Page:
This year has been a success for the Toronto Maple Leafs.
That may sound crazy to some given the team resides in last place in the entire league with eight games to play and need to get 10 points from those contests in order to break the 75 point plateau on the season, but measuring success for this franchise in 2016 isn’t about wins and losses, but rather progress in the rebuild and things are moving along nicely.
Finishing last – or as close to the bottom of the table as they end up – is a positive. In a draft with a handful of potential impact players, including projected first-overall pick Auston Matthews – landing a Top 5 selection is a step in the right direction for this team.
There is no rush to hustle whomever they select into the NHL, unless they end up with Matthews, who has already proven capable of playing with grown men during his season in Switzerland. Regardless of who ends up donning the blue and white, it will be another quality young talent to join a collection that has been enjoying an extended audition over the last month and done relatively well overall.
William Nylander has shown he belongs, at least as much as a 19-year-old getting his first cup of coffee in the NHL can in March. While not a McDavid/Eichel-type impact player, the young Swedish forward should be a first line player for the foreseeable future and one of the offensive leaders for this club for the next decade.
The blue line tandem of Morgan Rielly and Jake Gardner remain quality building blocks on the back end, with first-look options like Frank Corrado and Connor Carrick showing upside. Up front, Nazem Kadri has enjoyed a maturation year, James Van Riemsdyk remains productive when healthy and there have been enough positive signs from the likes of Zach Hyman, Nikita Soshnikov and Connor Brown to factor them into the forward mix for the next couple seasons.
Add in 2015 first-round pick Mitch Marner, who dropped highlight reel plays all season long in London, Kasperi Kapanen and a handful of other guys that are no more than three years away from being regulars and you have a young, solid core that can become the foundation for a quality group of skaters that compete every night.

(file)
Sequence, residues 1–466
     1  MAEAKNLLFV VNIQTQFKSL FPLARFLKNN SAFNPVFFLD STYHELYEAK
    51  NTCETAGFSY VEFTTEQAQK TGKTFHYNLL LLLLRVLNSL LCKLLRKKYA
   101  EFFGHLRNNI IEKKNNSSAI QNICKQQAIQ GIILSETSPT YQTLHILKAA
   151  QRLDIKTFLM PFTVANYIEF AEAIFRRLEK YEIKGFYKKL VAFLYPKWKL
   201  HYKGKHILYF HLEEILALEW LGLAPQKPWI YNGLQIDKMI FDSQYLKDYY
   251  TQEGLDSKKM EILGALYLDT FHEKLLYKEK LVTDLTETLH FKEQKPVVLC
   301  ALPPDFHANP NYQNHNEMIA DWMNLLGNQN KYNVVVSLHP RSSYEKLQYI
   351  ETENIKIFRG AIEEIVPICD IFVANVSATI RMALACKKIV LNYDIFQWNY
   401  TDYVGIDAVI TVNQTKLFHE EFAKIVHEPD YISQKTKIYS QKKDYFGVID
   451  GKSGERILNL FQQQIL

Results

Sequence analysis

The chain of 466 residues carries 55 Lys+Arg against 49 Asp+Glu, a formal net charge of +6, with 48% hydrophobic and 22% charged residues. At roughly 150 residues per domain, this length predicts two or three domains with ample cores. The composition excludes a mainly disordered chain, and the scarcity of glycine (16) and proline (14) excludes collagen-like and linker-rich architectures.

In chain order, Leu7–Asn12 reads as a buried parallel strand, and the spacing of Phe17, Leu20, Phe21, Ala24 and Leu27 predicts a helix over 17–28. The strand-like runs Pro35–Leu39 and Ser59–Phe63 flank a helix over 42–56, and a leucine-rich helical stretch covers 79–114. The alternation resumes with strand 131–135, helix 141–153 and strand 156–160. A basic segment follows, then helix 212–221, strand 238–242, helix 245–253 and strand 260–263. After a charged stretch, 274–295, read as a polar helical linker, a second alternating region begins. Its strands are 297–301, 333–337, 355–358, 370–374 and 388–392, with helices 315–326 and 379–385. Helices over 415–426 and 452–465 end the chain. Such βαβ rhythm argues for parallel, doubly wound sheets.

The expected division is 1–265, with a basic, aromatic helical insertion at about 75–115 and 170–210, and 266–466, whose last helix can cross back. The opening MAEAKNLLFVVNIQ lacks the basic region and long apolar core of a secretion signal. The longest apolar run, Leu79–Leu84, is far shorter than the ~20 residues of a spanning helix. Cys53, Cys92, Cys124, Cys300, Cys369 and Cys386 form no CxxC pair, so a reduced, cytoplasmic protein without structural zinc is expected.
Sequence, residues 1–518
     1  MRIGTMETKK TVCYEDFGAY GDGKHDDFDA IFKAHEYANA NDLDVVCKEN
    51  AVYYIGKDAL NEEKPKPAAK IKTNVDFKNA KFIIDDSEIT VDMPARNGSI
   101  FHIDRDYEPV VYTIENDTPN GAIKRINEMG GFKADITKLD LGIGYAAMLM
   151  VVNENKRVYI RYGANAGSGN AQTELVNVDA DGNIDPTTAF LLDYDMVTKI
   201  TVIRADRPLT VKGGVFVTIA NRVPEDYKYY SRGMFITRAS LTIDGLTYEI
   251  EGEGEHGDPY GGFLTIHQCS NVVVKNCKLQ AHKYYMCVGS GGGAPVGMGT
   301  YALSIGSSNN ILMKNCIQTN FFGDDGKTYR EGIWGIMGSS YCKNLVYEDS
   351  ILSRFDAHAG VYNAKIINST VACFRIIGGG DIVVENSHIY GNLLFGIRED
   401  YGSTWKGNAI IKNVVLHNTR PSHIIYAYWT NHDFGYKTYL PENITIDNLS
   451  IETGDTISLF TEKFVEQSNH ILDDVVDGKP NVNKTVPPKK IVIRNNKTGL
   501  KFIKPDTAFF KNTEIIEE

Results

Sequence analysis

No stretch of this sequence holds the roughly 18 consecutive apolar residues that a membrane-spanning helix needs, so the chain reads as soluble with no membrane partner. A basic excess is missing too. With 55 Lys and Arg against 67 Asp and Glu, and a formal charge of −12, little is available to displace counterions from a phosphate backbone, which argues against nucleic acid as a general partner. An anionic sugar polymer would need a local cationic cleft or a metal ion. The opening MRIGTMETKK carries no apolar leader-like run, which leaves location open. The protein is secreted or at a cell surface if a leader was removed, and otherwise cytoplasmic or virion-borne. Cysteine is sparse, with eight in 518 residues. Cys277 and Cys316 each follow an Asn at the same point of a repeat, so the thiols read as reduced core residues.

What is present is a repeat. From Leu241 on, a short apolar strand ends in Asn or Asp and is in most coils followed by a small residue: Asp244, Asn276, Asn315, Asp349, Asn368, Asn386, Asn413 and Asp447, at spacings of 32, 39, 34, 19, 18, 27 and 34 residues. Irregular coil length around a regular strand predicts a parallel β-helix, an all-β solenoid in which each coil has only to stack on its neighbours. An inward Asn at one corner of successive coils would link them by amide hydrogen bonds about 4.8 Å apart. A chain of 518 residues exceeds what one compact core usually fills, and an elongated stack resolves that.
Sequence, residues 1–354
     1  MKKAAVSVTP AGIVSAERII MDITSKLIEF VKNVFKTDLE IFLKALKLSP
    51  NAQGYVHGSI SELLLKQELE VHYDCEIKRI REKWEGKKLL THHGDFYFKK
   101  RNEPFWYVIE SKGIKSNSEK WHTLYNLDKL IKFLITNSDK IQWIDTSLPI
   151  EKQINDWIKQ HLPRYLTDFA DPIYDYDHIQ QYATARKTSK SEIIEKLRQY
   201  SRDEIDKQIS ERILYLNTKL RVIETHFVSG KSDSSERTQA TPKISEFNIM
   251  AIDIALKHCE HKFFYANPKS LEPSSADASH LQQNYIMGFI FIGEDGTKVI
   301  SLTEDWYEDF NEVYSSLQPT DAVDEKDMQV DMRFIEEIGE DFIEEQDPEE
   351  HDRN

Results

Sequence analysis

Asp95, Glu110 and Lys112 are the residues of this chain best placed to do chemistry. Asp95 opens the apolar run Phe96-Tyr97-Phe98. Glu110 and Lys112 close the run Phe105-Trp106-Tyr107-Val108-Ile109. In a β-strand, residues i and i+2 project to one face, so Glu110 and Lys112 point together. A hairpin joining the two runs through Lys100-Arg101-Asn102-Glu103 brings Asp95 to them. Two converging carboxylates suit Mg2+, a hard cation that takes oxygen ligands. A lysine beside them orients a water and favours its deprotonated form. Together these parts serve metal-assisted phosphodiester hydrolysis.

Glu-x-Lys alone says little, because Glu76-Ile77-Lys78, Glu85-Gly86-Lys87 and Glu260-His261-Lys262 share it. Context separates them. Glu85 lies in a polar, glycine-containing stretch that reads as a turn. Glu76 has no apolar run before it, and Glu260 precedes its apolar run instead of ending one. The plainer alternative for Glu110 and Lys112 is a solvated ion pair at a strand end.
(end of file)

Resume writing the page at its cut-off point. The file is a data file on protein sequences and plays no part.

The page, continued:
The one missing piece right now is between the pipes, where the Leafs moved on from James Reimer at the deadline and are currently rolling with a tandem of Jonathan Bernier and Garret Sparks.
As someone that preached patience with Bernier heading into this season, I’m ready to admit that I was wrong. The more I see him, the more I think he’s a “Quad-A” goalie – a baseball term for a guy that is too good to play in the minors, but not good enough to be a regular contributor in the big leagues. Those players sometimes figure it out later than others, but Bernier has had plenty of chances and never been able to capitalize, so it’s looking less and less likely with each passing season.
Sparks has some upside as a 22-year-old that has gotten a bit of a baptism by fire this year and done reasonably well, posting a 6-4-1 record with a 2.73 goals against average and a .900 save percentage, but as a seventh-round pick in 2011, it’s safe to say he wasn’t expected to be a franchise player, so it’s fair to keep looking.
Antoine Bibeau has been solid for the Marlies (AHL) all season and shouldered the majority of the load since Sparks was recalled, but he too was a late-round pick so anticipating that he blossoms into an every-night option might be asking too much.
There are a handful of free agents – both restricted and unrestricted – that Toronto could take a look at, with Anaheim’s Frederik Andersen and the Rangers’ Antti Raanta topping the list of UFAs.
But all in all, this team has done what you want to see a club in their position do in the first season of a rebuild. They’ve bottomed out, gotten away from all kinds of veteran players and gotten a look at some of their kids. It pains me to say this, but there is reason to be optimistic in Leafs Land once again.